7AM, the day before yesterday, standing in line at Starbucks, stationary, getting itchy…

It’s “study hall” each Wednesday — Yes, I cherish too that hour before I meet with the guys at Corky’s. Working on my computer, greeting friends passing by, a pre game, it is,  to our Breakfast Of Champions.

—Yet the line wasn’t moving, and I was still third.

After what felt like eternity a second register opened. Calming a bit, I moved to the on-deck circle, within earshot of the sole putz customer holding up traffic. What in the world (I wondered) could this guy be ordering?

—So I tilted in and listened…. but heard only small talk.

I didn’t roll my eyes, like I wanted and I didn’t grimace outward either.  The world needn’t see, I well figured, how restive I was — how put out I was.

Soon, of course, this lone ranger not only got his coffee, but paid, pivoted — and left.

“Thank you for your patience,” said the same warm barista that serves me each week. “He has nobody to talk to, and, well…”

***** ***** ***** ***** ***** ***** ***** ***** ***** ***** *****

3PM the same day, wandering semi-lost through the lobby of Cleveland’s V.A. Hospital…

It’s a massive facility; I’d never been there before. The sign outside states it’s the third largest such hospital in the land. There to see a new client, I’m struck as I walk the halls by the intermittent but consistent parade of people on crutches, or in wheelchairs, or whatever. Struck too, am I, by their good cheer.

I meet with the guy. He’s older than me — by ten years, maybe more — but we connect.

“Were you in the service?” he asks, and I nod.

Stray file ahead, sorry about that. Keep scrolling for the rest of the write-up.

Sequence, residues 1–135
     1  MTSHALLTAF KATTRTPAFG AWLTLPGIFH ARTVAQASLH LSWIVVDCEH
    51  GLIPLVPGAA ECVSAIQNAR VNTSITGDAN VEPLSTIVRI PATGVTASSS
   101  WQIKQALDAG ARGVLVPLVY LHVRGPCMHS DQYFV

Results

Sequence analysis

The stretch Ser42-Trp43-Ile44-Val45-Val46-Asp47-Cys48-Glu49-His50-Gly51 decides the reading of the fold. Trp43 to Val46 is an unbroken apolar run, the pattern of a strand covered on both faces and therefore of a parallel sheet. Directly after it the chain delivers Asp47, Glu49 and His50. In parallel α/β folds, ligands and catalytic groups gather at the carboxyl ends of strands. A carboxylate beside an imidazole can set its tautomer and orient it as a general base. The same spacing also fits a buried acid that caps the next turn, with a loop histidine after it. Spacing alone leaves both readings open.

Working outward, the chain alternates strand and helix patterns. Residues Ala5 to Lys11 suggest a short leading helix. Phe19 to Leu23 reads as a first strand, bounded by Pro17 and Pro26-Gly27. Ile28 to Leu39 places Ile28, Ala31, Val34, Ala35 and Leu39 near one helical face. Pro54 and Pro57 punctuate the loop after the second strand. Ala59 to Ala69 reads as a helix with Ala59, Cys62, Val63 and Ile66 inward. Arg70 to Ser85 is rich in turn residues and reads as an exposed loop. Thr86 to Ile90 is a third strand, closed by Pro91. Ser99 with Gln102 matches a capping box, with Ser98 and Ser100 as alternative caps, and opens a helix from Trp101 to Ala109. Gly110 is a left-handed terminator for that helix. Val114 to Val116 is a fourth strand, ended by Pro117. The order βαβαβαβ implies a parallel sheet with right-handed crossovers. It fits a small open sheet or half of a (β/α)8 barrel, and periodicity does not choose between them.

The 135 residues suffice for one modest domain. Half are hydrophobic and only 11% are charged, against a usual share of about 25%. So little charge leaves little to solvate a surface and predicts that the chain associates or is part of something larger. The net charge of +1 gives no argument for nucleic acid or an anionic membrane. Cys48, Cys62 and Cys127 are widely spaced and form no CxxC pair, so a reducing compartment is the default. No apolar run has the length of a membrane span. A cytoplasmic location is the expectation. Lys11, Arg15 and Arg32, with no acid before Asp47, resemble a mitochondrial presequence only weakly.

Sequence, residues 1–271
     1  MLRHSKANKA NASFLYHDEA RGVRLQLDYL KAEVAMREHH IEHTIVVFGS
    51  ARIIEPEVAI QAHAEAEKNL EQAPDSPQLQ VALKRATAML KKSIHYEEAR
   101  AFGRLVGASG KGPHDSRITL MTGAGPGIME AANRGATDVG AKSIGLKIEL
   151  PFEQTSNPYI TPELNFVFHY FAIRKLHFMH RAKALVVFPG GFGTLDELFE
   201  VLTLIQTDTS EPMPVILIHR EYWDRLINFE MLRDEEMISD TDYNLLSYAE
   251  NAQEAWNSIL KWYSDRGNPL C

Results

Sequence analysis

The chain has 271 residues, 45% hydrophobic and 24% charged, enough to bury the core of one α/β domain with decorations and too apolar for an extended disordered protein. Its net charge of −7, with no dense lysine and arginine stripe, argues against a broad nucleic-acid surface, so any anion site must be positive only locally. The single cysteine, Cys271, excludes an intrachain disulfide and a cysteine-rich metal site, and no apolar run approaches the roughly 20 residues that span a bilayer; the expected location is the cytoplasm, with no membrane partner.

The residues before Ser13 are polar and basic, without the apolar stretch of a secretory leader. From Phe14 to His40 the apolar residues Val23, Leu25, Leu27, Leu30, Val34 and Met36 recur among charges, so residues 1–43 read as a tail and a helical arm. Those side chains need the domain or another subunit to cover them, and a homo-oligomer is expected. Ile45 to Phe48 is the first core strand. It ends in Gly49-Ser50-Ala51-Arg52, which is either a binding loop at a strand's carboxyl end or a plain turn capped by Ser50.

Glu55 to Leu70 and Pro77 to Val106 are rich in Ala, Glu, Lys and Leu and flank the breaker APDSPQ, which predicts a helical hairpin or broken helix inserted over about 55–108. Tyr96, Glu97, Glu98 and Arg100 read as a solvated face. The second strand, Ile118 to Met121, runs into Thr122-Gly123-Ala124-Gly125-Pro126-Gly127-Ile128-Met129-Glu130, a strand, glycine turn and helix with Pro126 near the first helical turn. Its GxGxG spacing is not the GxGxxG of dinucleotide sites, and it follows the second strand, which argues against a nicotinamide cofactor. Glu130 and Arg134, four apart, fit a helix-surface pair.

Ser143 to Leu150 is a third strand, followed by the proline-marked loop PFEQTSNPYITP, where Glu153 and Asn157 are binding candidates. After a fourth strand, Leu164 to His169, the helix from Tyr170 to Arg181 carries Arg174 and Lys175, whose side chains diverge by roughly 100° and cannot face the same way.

“Just the Reserves.”
“I was in Germany,” he tells me, “Peace time”.
“Did you ever meet Elvis?”

We joked a bit –- about nonsense as men tend to do. We shared too of family — both of ours. Black or white, it’s all the same.

“I’ll be back next week.”
“I wish I could come to your office.”
“No big deal,” I assured him. “ ‘Probably hit you on the way uptown and tie it into a run for Aunt Helen.”
“Try not to make it Tuesday,” urged my friend. “That’s when I have chemo.”

He leaned forward, we shook hands, and I left.

I walked from the hospital — briskly. After all, Thanksgiving Weekend awaited. I passed the same warm faces on the same staunch crutches, the same old wheelchairs…

***** ***** ***** ***** ***** ***** ***** ***** ***** ***** *****

Thursday morning, 7:30 AM:

Waking to the gentle sound of Carrie, I lingered in bed. Glancing out the window for my short morning regimen of prayer, I heard her clear voice.

“I’ll get coffee,” she said.

I rose moments later.  Walking downstairs , I greeted yet another day of a life filled with family, friends, and activity.

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